How has your marketing style evolved within the five years you’ve been with NZ Police? 

There have been many great recruitment campaigns over the years but our approach from 2017 has been lightly humourous, quirky and quintessentially Kiwi. We’ve used staff in all our campaigns because who could better reflect the kind of people we want to attract than our actual staff.

I have a very clear understanding of Police values and appropriateness of campaigns for Police – so while I push creative boundaries I always have a very strong risk radar running. It’s much easier to get something wrong than it is to get everything right. The last few recruitment campaigns have had more of a serious tone, I actually needed to have been in my job this long to have enough Police EQ to get them right. The Uniqueness campaign was about bringing all of who you are to work, and for this campaign that was reflected in tattoos and the stories behind why our staff got them. In many cases they mark personal loss or celebration. It was about who our staff are beneath the uniform and why their life experience enables them to be empathetic/better cops.

The new Virtual Reality experience Virtual Cop is about feeling what it’s like to be a cop. Getting an experience right that feels really authentic (to both the public and our staff) was hugely challenging but the result has been very rewarding.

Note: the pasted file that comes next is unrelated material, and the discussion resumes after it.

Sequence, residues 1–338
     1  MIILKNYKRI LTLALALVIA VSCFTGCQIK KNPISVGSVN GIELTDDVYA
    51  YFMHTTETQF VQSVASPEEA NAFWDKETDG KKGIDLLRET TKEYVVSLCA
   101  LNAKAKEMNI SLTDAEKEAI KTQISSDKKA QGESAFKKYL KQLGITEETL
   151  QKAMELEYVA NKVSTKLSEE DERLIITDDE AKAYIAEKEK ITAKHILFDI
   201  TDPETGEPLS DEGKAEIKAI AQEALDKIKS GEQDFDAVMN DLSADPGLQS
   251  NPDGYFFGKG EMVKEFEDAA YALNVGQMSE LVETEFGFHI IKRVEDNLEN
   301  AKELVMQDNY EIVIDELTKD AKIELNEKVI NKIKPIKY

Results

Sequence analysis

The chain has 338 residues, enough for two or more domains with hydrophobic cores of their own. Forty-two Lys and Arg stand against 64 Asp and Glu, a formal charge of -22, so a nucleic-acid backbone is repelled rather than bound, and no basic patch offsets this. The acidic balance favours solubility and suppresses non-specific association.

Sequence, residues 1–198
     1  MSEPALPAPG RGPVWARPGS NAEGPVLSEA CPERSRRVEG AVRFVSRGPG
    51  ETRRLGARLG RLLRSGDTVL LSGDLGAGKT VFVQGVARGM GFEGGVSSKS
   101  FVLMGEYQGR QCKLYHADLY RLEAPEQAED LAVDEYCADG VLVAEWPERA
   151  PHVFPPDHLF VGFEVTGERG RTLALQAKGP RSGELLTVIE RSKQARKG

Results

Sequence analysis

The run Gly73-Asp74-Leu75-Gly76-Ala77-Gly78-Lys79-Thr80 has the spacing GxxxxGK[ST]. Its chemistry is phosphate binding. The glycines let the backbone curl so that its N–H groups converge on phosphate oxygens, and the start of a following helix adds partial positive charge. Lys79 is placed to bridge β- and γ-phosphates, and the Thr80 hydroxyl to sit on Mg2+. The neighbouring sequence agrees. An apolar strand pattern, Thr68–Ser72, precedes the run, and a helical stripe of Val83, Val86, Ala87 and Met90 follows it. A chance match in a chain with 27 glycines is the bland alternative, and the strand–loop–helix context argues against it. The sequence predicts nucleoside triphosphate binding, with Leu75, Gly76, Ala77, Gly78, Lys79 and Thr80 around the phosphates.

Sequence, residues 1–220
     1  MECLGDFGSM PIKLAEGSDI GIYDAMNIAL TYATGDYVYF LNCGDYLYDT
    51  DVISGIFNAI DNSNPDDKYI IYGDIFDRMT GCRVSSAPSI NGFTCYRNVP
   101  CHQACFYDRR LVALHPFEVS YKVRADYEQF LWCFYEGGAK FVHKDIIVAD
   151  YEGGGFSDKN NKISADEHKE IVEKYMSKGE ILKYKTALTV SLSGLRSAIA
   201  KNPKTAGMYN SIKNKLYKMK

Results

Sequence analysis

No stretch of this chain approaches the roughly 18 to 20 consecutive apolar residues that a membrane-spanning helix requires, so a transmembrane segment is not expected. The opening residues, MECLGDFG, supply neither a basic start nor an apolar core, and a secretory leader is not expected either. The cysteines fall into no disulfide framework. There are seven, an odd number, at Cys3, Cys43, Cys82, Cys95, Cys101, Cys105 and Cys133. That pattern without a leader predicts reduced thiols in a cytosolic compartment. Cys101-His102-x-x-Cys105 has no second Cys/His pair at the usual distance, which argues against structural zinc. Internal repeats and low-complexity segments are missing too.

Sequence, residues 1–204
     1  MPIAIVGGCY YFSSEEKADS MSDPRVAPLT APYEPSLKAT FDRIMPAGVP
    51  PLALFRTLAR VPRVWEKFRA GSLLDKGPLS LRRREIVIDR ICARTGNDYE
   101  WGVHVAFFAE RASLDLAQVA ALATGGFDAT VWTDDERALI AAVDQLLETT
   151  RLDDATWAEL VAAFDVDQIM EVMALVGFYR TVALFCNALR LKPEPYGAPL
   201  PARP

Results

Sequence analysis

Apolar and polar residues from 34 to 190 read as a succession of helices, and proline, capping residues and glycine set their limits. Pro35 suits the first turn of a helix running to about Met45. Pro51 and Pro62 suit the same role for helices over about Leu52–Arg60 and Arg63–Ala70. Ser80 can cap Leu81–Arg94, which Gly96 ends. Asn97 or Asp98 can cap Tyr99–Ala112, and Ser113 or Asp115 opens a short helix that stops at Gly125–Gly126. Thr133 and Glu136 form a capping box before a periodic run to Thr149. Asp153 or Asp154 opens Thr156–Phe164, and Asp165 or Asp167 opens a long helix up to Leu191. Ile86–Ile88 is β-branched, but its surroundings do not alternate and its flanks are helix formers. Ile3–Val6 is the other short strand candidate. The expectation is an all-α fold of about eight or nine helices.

I couldn’t have created this five years ago without having spent so much time with cops across the country. Many of my personal observations have been incorporated thus.

What drew you in to helping build the NZ Police brand?

I was initially contracted to plan and implement the 75 years of Women in Policing project. I quickly realised that working for Police was my ideal role because I was able to create and then implement really significant projects and campaigns that were not constrained by a particular style. Police have always been brave marketers, so I considered it a huge opportunity and privilege to further evolve and develop the brand when I was asked to come up with the recruitment campaign in 2017.

What are some of the biggest challenges you as a marketer are currently faced with? 

To be honest, I really love a good challenge so from a marketing perspective I only ever look for opportunities. From a personal perspective I am challenged simply by keeping up with the next thing especially on social, and I am also extremely technically challenged as my younger colleagues will vouch for.

Where do you see your career headed in the next 5-10 years? 

Either taking up other challenges in the Public Sector or working with not for profits. I feel rewarded knowing I am making a contribution to the community in some way. It’s what gets me out of bed every day. For NZ Police that’s about making New Zealand the safest country.

To read the profiles of all the winners from the TVNZ-NZ Marketing Awards 2020, get a copy of our Awards Issue, here.

Mollie Edwards

About Mollie Edwards

Mollie Edwards writes across ICG business titles, NZ Marketing, StopPress and The Register.